New Baby Piggie With Dominant Sows

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gatorgirl

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So I have a little problem that I hope I can get some advice for! My daughter wanted a new piggie after the loss of our piggie Cocoa. I guess children morn differently than adults do. So we went to a different pet store (done with petsmart) and they had a 2 month old sow. She is super sweet but really small. I tried a brief introduction that went horribly wrong. Looking back I think the dominance problem came when the baby tried to go into the igloo with our piggie pumpkin. Pumpkin attacked her while our oldest sow Callie was stand-offish with her.

Right now the new piggie is in a separate cage in a seperate room. Once my crazy hyper kiddos go to bed I wl divide our c&c cage so they can get to know each other but still keep the baby safe.

Is there any other advice y'all can give? PS, I'm sorry if there was another thread and I missed it.
 

piggyme234

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When you say attacked can you describe what actually happened please. Nipping and chasing is all part of sow dominance when they meet someone new. Baby will sound like they are being killed but it is just how they say they are submissive. Does it sound like this is what happened or was it more prolonged and intending to hurt?
 

Wiebke

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So I have a little problem that I hope I can get some advice for! My daughter wanted a new piggie after the loss of our piggie Cocoa. I guess children morn differently than adults do. So we went to a different pet store (done with petsmart) and they had a 2 month old sow. She is super sweet but really small. I tried a brief introduction that went horribly wrong. Looking back I think the dominance problem came when the baby tried to go into the igloo with our piggie pumpkin. Pumpkin attacked her while our oldest sow Callie was stand-offish with her.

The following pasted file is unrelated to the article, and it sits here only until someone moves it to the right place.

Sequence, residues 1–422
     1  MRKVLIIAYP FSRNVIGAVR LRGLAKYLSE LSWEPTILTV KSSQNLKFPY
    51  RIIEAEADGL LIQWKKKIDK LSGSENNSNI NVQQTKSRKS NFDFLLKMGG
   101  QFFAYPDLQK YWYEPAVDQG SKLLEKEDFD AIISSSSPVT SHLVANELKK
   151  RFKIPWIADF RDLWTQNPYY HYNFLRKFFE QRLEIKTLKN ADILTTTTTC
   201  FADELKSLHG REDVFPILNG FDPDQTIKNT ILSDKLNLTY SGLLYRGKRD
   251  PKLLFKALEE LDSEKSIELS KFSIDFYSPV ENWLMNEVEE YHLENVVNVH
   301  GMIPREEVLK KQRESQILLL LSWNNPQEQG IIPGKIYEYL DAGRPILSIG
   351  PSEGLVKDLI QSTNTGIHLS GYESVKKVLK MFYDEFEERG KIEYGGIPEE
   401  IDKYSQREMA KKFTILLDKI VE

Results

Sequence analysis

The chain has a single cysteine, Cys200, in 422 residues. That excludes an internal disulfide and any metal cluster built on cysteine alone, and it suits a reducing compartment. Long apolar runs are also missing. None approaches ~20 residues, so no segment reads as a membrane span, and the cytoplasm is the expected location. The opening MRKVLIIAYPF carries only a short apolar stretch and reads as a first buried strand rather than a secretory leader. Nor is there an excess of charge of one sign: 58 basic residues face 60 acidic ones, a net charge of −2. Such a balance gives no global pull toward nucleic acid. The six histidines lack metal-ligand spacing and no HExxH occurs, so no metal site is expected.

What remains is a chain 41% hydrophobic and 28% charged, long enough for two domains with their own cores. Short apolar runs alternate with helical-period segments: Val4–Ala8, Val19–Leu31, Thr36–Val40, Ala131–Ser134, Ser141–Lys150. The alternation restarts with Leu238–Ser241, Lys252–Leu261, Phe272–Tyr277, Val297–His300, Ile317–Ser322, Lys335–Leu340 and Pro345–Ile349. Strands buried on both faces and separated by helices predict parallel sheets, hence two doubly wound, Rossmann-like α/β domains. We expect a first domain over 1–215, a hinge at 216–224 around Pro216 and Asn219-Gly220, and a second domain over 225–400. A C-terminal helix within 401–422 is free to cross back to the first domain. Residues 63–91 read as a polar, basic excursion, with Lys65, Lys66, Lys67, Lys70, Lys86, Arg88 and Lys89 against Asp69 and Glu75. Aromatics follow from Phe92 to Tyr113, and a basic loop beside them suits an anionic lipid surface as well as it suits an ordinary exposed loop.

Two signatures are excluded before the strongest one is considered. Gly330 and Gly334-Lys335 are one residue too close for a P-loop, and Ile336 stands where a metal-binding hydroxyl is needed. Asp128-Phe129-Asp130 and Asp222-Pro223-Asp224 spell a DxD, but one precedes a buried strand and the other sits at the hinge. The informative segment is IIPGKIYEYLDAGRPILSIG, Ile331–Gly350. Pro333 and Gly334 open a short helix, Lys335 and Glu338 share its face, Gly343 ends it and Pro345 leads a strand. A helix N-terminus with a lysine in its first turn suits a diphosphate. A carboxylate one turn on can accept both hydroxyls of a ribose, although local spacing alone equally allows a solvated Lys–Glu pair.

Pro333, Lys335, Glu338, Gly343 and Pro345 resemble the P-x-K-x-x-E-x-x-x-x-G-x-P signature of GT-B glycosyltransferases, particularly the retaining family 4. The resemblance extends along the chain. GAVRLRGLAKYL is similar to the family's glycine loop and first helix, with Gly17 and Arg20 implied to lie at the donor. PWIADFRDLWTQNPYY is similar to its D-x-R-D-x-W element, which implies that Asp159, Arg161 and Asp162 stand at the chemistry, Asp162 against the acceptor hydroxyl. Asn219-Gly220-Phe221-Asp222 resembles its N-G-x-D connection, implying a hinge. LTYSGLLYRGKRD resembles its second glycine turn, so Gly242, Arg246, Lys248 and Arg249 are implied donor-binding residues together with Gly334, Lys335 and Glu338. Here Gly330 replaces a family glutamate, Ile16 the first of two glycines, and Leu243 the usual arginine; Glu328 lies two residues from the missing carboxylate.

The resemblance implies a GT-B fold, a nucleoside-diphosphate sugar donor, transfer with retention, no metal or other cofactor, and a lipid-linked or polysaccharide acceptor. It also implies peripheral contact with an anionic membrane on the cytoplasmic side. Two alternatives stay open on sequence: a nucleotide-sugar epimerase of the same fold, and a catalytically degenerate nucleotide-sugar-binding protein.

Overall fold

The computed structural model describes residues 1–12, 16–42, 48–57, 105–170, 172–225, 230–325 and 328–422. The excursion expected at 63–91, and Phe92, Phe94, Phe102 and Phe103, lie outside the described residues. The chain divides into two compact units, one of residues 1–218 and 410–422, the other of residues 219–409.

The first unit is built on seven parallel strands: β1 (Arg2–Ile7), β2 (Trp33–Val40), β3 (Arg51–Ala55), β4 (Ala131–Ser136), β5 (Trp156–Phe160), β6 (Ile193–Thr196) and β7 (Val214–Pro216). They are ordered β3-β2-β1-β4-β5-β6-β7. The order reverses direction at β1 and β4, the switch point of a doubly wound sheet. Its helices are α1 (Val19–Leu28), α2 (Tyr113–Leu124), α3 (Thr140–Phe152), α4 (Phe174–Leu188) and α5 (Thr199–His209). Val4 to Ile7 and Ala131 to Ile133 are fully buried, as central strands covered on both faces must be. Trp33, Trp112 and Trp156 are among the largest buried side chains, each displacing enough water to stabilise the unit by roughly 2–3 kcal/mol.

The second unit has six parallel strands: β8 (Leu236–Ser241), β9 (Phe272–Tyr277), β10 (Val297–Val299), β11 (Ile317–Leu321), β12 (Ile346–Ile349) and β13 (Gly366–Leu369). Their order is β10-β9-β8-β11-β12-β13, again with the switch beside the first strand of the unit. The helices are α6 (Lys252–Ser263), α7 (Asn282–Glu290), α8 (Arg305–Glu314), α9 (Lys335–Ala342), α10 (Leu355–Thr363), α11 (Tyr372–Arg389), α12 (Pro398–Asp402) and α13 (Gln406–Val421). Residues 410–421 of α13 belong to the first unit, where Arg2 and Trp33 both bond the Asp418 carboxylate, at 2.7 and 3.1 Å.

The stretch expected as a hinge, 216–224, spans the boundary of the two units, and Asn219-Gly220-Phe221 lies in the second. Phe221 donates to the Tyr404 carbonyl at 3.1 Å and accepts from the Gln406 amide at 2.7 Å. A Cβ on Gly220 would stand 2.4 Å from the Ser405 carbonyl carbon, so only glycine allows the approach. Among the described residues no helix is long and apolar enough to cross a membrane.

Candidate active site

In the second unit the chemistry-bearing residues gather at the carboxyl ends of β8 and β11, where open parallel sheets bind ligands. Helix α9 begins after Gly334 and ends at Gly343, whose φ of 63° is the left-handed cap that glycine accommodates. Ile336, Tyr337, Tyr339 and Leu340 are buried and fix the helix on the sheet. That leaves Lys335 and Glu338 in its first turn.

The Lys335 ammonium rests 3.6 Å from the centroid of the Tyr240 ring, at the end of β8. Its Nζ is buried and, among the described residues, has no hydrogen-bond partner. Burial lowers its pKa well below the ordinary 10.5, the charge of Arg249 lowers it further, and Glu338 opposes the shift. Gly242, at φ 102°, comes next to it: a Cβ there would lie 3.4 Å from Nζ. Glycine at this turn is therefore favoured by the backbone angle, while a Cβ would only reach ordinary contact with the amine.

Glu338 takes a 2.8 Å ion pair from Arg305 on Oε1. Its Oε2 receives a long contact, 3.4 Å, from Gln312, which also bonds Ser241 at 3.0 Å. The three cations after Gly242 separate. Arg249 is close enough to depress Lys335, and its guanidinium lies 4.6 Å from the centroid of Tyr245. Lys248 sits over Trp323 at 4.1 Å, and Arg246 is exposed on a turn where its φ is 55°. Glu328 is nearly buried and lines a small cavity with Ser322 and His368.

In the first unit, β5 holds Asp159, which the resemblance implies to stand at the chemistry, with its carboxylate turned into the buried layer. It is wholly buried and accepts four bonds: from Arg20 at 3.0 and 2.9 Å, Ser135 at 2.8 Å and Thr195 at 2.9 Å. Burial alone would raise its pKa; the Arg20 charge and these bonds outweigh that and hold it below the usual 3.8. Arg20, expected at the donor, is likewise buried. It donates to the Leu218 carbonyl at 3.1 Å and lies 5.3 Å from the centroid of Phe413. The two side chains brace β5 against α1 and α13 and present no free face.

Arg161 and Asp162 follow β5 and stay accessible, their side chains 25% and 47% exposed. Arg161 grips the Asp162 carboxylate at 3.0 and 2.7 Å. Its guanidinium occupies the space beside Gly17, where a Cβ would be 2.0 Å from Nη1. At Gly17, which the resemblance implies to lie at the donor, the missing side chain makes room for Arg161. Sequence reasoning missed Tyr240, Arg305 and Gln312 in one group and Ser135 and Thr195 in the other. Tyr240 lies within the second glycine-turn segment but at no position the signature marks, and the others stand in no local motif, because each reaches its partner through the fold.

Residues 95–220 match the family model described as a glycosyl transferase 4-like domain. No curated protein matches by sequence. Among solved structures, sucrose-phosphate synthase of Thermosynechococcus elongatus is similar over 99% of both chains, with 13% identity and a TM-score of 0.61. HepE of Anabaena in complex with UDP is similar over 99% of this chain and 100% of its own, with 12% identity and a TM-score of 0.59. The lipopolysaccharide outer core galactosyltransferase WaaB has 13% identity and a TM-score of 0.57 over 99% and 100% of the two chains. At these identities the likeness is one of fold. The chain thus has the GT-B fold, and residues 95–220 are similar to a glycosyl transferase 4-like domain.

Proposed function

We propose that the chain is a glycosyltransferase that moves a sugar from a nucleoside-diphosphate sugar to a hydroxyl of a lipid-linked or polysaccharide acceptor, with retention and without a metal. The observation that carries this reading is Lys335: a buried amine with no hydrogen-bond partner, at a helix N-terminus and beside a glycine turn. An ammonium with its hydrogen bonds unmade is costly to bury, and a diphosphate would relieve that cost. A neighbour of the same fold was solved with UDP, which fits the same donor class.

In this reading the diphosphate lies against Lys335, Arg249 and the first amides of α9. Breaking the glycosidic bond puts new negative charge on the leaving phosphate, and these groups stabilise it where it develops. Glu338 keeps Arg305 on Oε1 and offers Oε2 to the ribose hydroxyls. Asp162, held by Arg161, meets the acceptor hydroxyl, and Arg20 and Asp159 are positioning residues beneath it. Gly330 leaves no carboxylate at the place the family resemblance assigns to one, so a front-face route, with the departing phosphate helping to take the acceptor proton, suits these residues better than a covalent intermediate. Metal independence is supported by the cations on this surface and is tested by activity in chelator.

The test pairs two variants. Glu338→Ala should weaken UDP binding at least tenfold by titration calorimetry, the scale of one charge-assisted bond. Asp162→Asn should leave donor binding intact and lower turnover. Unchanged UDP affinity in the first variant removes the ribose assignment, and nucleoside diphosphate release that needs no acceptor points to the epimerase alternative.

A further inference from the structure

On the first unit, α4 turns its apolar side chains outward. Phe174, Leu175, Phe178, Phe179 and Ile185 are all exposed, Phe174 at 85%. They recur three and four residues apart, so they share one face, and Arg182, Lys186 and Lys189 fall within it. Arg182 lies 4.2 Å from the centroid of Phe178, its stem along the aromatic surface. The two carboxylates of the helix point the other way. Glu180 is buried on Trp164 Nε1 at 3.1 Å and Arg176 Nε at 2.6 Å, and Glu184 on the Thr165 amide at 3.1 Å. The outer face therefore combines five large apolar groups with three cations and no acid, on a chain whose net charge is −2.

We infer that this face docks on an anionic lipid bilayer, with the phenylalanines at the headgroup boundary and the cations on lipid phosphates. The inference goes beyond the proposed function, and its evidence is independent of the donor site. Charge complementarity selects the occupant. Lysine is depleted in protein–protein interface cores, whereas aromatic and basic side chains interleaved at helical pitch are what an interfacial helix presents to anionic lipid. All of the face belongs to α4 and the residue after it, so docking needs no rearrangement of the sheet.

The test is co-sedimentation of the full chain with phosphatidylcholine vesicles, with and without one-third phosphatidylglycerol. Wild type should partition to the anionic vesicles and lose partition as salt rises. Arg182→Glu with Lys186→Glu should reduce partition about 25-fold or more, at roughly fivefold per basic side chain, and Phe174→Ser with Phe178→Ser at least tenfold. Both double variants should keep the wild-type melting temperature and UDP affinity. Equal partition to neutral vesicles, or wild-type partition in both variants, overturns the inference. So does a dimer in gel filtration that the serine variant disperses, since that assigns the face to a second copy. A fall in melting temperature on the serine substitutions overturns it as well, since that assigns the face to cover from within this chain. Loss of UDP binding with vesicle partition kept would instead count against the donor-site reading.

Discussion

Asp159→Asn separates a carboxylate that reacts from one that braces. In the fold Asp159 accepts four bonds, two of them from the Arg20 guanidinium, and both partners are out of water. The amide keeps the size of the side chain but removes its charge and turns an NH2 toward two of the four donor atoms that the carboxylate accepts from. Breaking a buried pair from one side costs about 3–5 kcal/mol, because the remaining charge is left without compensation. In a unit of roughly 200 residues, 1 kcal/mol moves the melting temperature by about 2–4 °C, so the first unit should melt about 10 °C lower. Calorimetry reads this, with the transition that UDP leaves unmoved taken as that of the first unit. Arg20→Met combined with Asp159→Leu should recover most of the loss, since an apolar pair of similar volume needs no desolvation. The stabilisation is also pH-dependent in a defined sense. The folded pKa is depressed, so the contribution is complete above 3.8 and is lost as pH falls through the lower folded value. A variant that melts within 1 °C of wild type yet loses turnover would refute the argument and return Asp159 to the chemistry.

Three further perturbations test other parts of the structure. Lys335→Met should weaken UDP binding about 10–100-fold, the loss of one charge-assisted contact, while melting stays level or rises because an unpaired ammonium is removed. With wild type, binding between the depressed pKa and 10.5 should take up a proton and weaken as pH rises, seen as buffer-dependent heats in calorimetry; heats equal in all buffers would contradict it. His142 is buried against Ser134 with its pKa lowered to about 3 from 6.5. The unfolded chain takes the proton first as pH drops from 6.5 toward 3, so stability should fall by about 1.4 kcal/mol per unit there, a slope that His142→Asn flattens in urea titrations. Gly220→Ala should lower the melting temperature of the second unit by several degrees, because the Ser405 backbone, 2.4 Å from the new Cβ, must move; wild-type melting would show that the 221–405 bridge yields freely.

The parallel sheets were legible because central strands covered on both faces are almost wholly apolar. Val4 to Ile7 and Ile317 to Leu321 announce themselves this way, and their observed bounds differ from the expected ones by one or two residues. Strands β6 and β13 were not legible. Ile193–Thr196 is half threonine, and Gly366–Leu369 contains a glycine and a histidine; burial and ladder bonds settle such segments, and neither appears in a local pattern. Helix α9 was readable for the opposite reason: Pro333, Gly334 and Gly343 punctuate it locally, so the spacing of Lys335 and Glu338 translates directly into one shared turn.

Right now the new piggie is in a separate cage in a seperate room. Once my crazy hyper kiddos go to bed I wl divide our c&c cage so they can get to know each other but still keep the baby safe.

Is there any other advice y'all can give? PS, I'm sorry if there was another thread and I missed it.
Hi! Did you put the new girl simply in the cage of the others without introductions on neutral ground etc. ? That generally arouses pretty hostile feelings as the newbie is seen as an intruder. Never use hideys with just one exit until the worst of the dominance sort-out is over, which can take several days (or even several weeks).

Please give all girls time-out and try again in a few days following the proper bonding protocol. Be aware that it may not work out. Once sows have decided that a piggy is "not part of us", they rarely change their mind. Consider what other options you have in case the bonding is not working out before the next meeting, so you start with a plan B as back up.

Please read carefully through these threads here so you can judge the behaviours and see whether they were just strong dominance or whether they were real aggression:
https://www.theguineapigforum.co.uk/threads/introducing-and-re-introducing-guinea-pigs.38562/
https://www.theguineapigforum.co.uk/threads/dominance-behaviours-in-guinea-pigs.28949/
https://www.theguineapigforum.co.uk/threads/sow-behaviour.38561/
 

gatorgirl

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When you say attacked can you describe what actually happened please. Nipping and chasing is all part of sow dominance when they meet someone new. Baby will sound like they are being killed but it is just how they say they are submissive. Does it sound like this is what happened or was it more prolonged and intending to hurt?